In September 2011, publisher Rizzoli New York released The Glass House, a photo tour of Philip Johnson’s famous estate. The book includes text by Philip Johnson himself and by architecture critic Paul Goldberger, and is the official Glass House book of The National Trust for Historic Preservation. Robin Hill’s photo “Glass House Dawn” was selected to appear on the book’s cover.
My journey continues in its roundabout way, and I am now upon a gate, the likes of which I have never seen before. It is most unusual. I try to find a historic connection to its design but find none. What I do find is a beautifully scaled, welcoming structure that entices one to enter. It is everything that an entrance way to a gated community is not. Even when the barrier is down, it feels open. The Pillars rise high on both sides and are painted a welcoming tone of brown, quite different from the brown that smothers the library. Slung low across the bottom quarter is a brushed aluminum tube that splices the composition perfectly, both in terms of its height and its color. The gate is also quite a trick of visual play, as it actually consists of four pillars, not two as it appears from the full frontal view. The pillars on either side stand back to back with their identical twins behind them. This is a very clever way of hiding the mechanism that lifts and lowers the gate. The wires are hidden from the front view and delicately balance the gate between the two pillars. The engineering is sublime and gives a gentle equipoise to the whole structure. There are not enough Os in the word "smooth" to describe this gate.
The road into the estate leads downhill from here, with trees lining both sides. This walk has a sense of purpose, and soon I am in sight of Donald Judd's circular sculpture, Untitled (1971), which I had passed earlier in pitch darkness. It is now approaching 10:30 AM, but time has become distorted today, because it seems like an eternity ago that I arrived here. At first glance, Judd's Untitled appears to be a simple concrete circle. Like much of Judd’s work, however, it is more complex and sophisticated upon closer inspection.
The perimeter’s top is perhaps 8" across, and on one side it is parallel to the ground, but as it swings toward the west, one edge of the top rises, while the other stays put. It is at odds with the rectangle of the Glass House, which stands some 30 yards away, and the composition is spliced by a New England stone wall. I am finished with Judd. (Further exploration will have to wait until my trip to Marfa, Texas, is undertaken.)
It is now time to enter the open courtyard between the Glass House and its half-sized cousin, the Brick House.
Before I reach that green shag carpet of grass, I notice an unbelievable composition of design symmetry that my armed Canon cannot resist. The Brick House protrudes into the diagonal of the frame, and at first I think I have my shot but, like almost everything else here at the Glass House, the juxtaposition of the landscape and the architecture here offer a deeper sophistication. One white slab step leads into the Brick House and beyond that, in the middle distance, one white platform rises slightly above the swimming pool. Beyond that lie the white walls of the yet-to-be-explored Sculpture Gallery, which infiltrates the distant scene. These three white elements are all perfectly aligned along a diagonal through-line. If my Canon could find in its black heart the emotion of delight, it would have exploded in ecstasy. Here is an understanding of landscape architecture that transcends the ordinary: prior to my visit I had no idea that Johnson was so well grounded in this widely underestimated, although critical, field. The buildings are conversing with one another through the landscape. It is a conversation of beauty, of flow, of pictorial transcendence. It is along this elongated diagonal that I now proceed, “proceed” being the right word, because this is a processional as much as it is a walk in the country.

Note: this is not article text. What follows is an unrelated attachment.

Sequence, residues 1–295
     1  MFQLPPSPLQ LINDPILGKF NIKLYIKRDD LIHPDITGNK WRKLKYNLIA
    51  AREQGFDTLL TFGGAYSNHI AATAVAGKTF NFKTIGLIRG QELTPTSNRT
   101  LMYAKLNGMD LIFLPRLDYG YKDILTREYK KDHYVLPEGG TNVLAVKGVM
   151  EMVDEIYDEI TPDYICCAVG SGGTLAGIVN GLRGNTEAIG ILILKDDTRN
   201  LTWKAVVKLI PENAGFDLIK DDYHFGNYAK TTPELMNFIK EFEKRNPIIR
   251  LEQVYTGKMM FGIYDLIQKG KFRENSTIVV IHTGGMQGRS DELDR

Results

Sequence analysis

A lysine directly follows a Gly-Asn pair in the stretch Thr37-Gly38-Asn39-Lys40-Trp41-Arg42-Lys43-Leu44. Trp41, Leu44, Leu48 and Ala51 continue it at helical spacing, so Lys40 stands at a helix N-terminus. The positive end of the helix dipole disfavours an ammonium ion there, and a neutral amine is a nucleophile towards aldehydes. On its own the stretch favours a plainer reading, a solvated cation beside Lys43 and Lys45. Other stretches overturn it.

I leave the Brick House behind, for my eyes have leaped ahead to the small bridge that connects one side of the property to the other. It has a slight curvature to it and appears to be made of ordinary railway sleepers, but it also resembles the Lincoln Kirstein Tower in one important aspect: it has no handrails. This fact adds an aura of suspense to the bridge crossing – it focuses the mind and lets one know that one has crossed an important threshold into the world of art and sculpture and out of the world of architecture and design. Of course, on either side of this divide are exceptions, but the main thrust of the architecture now changes toward that of housing art and sculpture.
Coming up on the right is the Painting Gallery, and I am transported back to a trip I made to the island of Gozo in the Mediterranean several years ago. I had been on a photo shoot there, primarily to photograph what is one of the world’s oldest works of architecture, the circle at Ġgantija. On this same island, so the legend goes, Calypso imprisoned Odysseus in a cave for seven years, and that cave bears a striking resemblance to the opening of Johnson’s Painting Gallery. Other scholars have noted that it is similar to the Treasury of Atreus on Mycenae. Whatever Johnson’s inspiration for this work of earthen architecture (there may well be a connection to the work of earth artist Michael Heizer), it is profoundly different from any of the other structures around the estate. It is certainly the most organic. One aspect of this particular experience has really stayed with me: the shock of entering a work of architecture profoundly influenced by earth itself and then seeing Frank Stella’s paintings in full glorious view. It is a provocative and deeply sensuous change of perception, from earth art to modern conceptual painting in a heartbeat. The thrill is in the contradiction and the fun is in the paradox. It’s enough to make me want to channel Brando in A Streetcar Named Desire: "S T E LLLLAAAAA!" So I do… with the sure knowledge that no one has a chance of hearing me through 15' of New England earth!